MANILA — Construction of the massive Cavite-Bataan Interlink Bridge is expected to begin next year, the Department of Public Works and Highways said on Thursday.
In an interview with ABS-CBN News, DPWH Secretary Manuel Bonoan said they are now finalizing preparations for the project.
“We’re just trying to finalize actually yung financing arrangement namin with Asian Development Bank,” Bonoan said at the sidelines of the 3rd Philippine Roads, Bridges and Tunnels Summit in Pasay City.
The bridge was earlier projected to begin construction in the latter part of 2023.
The cable-stayed bridge will be about 32 kilometers long and will cross Manila Bay. It is expected to cut travel time between Cavite and Bataan to around 30 minutes from 5 hours at present, the DPWH earlier said. For motorists coming from Manila, travel time to Bataan is seen to be less than 2 hours from over 3 hours at present.
“When this is completed, it will be the second longest bay bridge in the world,” Bonoan said.
It is also expected to be the longest bridge in the country, longer than the 8.9-kilometer Cebu-Cordova Bridge and the 2.1-kilometer San Juanico Bridge.
The DPWH chief said they will begin construction “hopefully early or middle of next year.”
He also expects the completion and opening of the Panguil Bay Bridge in Mindanao in the first half of 2024.
But Bonoan also acknowledged several challenges that they continue to face like right-of-way issues, high construction costs, and the unpredictability of the weather.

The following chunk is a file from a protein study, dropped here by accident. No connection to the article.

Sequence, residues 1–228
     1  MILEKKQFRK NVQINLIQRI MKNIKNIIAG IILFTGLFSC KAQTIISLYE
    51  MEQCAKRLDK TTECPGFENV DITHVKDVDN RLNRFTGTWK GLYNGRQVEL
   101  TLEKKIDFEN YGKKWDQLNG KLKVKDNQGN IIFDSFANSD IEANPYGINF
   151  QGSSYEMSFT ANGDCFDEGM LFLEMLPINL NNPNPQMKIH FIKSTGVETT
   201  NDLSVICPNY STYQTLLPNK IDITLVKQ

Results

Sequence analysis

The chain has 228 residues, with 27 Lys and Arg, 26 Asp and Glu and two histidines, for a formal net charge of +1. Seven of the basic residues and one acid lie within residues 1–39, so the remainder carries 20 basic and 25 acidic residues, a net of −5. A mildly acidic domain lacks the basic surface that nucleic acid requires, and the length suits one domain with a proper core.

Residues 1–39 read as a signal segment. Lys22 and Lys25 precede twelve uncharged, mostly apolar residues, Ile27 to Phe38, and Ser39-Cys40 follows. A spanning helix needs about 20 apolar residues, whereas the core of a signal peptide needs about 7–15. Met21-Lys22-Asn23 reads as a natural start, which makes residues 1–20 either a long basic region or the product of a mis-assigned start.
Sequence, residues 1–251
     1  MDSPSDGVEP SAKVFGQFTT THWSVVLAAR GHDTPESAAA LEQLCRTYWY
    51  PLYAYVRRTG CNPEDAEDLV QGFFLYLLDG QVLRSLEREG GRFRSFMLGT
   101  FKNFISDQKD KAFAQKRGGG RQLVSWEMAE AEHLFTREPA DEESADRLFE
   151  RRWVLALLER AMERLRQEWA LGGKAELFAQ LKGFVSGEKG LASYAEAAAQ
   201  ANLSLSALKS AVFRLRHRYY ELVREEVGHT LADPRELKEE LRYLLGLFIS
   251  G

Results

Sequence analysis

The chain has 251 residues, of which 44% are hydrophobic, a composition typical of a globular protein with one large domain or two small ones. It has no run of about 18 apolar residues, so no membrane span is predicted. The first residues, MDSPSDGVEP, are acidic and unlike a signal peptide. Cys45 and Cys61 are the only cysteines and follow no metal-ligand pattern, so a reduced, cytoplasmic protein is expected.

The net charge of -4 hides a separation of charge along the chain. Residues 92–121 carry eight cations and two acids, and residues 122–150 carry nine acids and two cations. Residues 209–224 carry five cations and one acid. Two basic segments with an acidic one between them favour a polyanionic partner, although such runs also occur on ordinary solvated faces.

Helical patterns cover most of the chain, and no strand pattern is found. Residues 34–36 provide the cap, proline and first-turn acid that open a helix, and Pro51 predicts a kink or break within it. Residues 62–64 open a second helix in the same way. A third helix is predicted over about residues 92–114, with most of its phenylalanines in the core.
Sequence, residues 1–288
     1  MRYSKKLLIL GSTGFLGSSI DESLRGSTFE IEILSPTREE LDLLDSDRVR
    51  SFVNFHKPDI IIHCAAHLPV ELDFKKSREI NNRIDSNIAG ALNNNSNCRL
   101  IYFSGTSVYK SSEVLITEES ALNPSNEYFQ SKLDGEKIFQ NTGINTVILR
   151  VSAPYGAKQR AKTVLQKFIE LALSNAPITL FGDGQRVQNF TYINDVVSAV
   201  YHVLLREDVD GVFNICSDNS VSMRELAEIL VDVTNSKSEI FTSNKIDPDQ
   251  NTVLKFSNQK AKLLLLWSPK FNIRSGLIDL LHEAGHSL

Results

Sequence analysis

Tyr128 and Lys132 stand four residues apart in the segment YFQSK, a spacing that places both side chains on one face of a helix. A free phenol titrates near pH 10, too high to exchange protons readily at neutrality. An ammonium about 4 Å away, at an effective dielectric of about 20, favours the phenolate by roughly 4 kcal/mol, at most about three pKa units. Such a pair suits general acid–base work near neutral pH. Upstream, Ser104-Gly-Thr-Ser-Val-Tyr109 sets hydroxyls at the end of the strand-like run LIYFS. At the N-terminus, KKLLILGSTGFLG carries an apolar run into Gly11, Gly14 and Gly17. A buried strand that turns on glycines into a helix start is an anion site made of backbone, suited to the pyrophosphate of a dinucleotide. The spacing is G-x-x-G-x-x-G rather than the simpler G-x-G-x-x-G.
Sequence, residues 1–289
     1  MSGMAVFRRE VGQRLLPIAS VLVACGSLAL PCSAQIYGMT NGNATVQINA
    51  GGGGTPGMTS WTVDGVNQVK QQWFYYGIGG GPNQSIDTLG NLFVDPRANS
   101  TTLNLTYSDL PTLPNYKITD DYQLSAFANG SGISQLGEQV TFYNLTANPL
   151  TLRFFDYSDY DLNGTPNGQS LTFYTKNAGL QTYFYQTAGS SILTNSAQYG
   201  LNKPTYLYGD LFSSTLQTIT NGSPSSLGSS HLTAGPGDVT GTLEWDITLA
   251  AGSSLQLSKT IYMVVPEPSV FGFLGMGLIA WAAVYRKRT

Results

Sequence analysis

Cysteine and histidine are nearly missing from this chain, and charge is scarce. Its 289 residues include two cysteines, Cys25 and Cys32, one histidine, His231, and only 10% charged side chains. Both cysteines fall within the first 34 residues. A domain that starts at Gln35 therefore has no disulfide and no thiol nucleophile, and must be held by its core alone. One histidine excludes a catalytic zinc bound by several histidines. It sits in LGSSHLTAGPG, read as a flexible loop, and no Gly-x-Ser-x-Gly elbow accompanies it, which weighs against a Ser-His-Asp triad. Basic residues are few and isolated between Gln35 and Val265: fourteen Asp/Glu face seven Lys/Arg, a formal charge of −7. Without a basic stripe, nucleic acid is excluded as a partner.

“Weather conditions, actually, are one of the most prevalent na nakaka-affect sa implementation of the projects so we’ll just have to adjust and facilitate iyong implementation of projects during the dry season para mas mabilis,” he said.
DELAYS, LOW BUDGET UTILIZATION,
Meanwhile, the DPWH said it is aiming to spend about 75 percent of its 2023 budget by the end of the year.
DPHW is among the agencies cited with low budget utilization.
Bonoan said that they are already fast-tracking the implementation of all government infrastructure projects to meet the target.
“We are actually looking forward to spending about 75 percent of the total allocated budget for 2023 towards the end of the year. Because you have to remember that the General Appropriations Act will allow for 2 years [for the] implementation of our projects,” said Bonoan.
Bonoan also said that they are on track to finish several projects this year, including 9 bridges in the Cagayan Valley region.
His statement comes as the Philippine government tries to ramp up infrastructure spending to make up for the lackluster economic growth in the second quarter and to achieve its full-year growth target of 6 to 7 percent by yearend.
Analysts have noted that with inflation and high interest rates constricting household consumption and private sector investment, the government should have ramped up spending to support economic growth.
Underspending has been cited as one of the reasons for the lackluster gross domestic product (GDP) print in the second quarter.